Why he's still available: The former Met, Royal, Red, Astro and Giant missed nearly the first two months of the 2011 season following left foot surgery. Keppinger has never been known for his defense, and the bum wheel didn't help his substandard range (about -11 runs per 150 defensive game played last year at the keystone, and -3.5 during his career). Keppinger also hacked much more than usual, chasing 29% of pitches thrown out of the strike zone compared to about 20% in past seasons.

In particular, Kep became more hack-happy on high pitches and stuff thrown inside. Check out his swing rate by pitch location in 2011, compared to 2010:

Keppinger's swing rate by pitch location, 2011

Keppinger's swing rate by pitch location, 2010

Those extra outside swings led to a three percent walk rate (lowest of his career) and an 89 OPS+, his lowest tally since 2008. San Francisco non-tendered him rather than pay him somewhere in the range of $2.5-$3 million in arbitration.

Why he's valuable: While he lacks secondary skills even by the positional standards of second base, Keppinger just about never punches out (career 6.2 K%) and generally hits in the .280 range. With few walks or extra-base hits, his 95 OPS+ over the past three seasons is still right around average for second basemen.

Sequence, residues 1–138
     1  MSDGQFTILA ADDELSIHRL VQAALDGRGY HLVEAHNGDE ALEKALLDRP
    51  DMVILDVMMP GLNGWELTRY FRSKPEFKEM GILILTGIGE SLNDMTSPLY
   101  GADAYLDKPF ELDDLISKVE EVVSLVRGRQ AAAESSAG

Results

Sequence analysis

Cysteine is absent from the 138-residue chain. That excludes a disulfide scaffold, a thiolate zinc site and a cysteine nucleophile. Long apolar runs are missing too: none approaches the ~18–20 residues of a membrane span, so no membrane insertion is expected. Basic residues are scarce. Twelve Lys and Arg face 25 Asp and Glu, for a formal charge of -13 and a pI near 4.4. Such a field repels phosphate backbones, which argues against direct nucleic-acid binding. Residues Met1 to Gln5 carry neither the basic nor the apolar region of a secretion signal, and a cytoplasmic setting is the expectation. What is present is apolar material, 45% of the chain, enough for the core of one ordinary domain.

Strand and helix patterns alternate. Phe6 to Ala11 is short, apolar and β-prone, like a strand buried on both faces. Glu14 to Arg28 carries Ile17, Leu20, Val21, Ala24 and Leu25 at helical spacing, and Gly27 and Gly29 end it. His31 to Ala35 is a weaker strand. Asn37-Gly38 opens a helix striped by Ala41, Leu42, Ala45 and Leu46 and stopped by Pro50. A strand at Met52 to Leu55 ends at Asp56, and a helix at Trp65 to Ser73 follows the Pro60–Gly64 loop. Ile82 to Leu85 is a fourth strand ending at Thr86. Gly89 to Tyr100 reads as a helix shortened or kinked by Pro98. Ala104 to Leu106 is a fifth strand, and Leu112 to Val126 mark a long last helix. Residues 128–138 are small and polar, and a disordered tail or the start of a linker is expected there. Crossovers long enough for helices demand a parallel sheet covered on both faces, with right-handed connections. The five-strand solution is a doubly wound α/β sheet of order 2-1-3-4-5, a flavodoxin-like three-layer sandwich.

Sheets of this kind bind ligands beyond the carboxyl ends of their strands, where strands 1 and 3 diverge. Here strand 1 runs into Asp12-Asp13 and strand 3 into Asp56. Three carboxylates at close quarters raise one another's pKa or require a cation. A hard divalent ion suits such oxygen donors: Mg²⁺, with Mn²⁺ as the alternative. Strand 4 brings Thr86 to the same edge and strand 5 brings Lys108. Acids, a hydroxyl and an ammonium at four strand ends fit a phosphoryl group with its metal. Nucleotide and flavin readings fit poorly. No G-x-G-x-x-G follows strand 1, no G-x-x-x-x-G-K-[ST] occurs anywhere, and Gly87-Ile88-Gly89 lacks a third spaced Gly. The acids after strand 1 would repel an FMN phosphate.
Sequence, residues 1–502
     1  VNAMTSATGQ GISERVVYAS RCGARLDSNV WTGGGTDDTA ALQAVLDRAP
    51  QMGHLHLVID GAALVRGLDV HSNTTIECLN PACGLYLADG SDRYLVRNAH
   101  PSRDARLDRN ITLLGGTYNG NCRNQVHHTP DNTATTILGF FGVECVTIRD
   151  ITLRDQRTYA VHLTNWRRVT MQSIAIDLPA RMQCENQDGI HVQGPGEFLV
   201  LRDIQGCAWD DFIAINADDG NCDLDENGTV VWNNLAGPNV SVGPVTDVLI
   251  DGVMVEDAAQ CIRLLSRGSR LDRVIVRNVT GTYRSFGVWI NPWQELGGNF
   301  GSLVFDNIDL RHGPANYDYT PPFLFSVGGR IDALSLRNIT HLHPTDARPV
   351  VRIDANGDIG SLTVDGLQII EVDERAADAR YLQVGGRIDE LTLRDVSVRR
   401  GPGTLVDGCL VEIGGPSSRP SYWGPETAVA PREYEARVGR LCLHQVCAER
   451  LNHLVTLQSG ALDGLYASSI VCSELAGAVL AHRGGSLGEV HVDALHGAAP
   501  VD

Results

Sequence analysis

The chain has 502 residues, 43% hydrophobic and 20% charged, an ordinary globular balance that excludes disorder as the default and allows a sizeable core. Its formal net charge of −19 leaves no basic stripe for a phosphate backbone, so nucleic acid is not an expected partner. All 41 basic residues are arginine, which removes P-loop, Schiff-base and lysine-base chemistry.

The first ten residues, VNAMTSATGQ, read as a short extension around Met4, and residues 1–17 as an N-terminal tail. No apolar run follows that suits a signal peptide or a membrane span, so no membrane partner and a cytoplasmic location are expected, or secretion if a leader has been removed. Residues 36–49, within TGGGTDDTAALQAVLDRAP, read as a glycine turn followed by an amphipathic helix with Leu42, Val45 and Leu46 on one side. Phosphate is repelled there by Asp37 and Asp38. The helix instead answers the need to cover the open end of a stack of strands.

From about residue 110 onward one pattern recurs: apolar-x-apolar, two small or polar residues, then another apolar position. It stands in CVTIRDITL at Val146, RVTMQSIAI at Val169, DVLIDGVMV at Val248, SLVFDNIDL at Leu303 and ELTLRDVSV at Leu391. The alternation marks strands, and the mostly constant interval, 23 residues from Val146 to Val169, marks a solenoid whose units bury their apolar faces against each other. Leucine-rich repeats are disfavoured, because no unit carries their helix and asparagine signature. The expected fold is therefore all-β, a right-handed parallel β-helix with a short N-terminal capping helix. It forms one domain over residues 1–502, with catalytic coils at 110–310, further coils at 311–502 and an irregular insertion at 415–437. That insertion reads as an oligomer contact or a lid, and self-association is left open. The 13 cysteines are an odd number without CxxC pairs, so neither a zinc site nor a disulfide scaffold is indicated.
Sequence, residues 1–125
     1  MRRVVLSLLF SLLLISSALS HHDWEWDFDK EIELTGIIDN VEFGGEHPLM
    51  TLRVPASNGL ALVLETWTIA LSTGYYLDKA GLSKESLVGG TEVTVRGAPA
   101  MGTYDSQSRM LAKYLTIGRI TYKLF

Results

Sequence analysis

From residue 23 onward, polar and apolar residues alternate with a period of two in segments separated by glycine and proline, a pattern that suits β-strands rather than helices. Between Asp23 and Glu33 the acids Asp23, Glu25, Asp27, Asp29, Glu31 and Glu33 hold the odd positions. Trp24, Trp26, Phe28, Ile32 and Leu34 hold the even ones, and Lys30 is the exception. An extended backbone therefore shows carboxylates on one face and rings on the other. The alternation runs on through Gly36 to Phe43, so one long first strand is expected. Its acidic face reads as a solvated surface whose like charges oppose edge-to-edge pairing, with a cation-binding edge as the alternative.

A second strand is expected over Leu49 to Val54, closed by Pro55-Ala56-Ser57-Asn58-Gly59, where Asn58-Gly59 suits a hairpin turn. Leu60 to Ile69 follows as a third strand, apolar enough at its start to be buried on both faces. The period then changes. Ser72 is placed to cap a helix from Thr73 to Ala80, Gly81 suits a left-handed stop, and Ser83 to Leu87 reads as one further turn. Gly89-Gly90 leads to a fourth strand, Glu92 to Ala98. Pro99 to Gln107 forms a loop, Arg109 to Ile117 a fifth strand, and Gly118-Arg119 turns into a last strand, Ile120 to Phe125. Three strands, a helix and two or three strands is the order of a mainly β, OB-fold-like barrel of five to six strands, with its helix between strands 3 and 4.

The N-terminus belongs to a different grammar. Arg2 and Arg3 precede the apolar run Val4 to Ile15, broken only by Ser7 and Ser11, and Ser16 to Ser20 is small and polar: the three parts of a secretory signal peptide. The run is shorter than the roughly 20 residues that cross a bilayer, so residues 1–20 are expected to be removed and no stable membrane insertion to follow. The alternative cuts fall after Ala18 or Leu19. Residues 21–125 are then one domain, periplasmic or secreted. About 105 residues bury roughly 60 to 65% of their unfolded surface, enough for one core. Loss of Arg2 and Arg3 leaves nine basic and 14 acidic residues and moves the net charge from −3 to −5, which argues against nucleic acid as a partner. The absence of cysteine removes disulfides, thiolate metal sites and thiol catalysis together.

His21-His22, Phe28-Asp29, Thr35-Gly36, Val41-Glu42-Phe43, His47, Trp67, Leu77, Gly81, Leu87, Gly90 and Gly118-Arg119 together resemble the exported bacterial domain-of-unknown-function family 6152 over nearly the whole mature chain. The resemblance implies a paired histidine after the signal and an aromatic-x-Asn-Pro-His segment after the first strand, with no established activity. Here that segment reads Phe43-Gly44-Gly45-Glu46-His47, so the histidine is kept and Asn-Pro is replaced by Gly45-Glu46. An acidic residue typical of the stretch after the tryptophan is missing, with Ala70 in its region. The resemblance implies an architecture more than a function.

Where he'll sign: Toronto could use a utility man with more offensive ability than Mike McCoy. Keppinger could compete with Jonathan Herrera, Eric Young Jr. and D.J. LeMahieu, among others, in Colorado.


Shortstop: Ronny Cedeno (slim pickings here; Ryan Theriot isn't someone you really want at shortstop)

Why he's still available: Cedeno's Triple-A mashing (a .937 OPS) has never come close to translating to the majors. He has a career 68 OPS+ in a little more than 2,300 big league PA, including a 76 OPS+ this past season with the Pirates. Since he debuted back in 2005, defensive dynamos Cesar Izturis and Adam Everett are the only shortstops with 2,000+ PA and a lower adjusted OPS.

Cedeno just can't help himself against inside stuff, trying to turn on pitches in on the hands:

Cedeno's swing rate by pitch location, 2008-2011

He has swung at 48% of inside pitches thrown off the plate since 2008 (the first year for which we have Pitch F/X data), way above the 30% league average. Not coincidentally, he's rocking a career .286 on-base percentage.

Why he's valuable: He's not a defensive whiz, but Cedeno has a career -1 Ultimate Zone Rating/150 games at shortstop, including +6.8 this past season. Cedeno also has experience at second base and at 29, he's unlikely to lose his decent range in the near future. Being a defensively competent, semi-durable shortstop is enough to earn a 40-man roster spot and a major league paycheck.

Where he'll sign: San Francisco may be a fit. Brandon Crawford gets praise for his glovework, but his bat could be even more brutal than Cedeno's. Atlanta appears poised to turn shortstop over to prospect Tyler Pastornicky, though Cedeno could be a stopgap.


Third Base: Wilson Betemit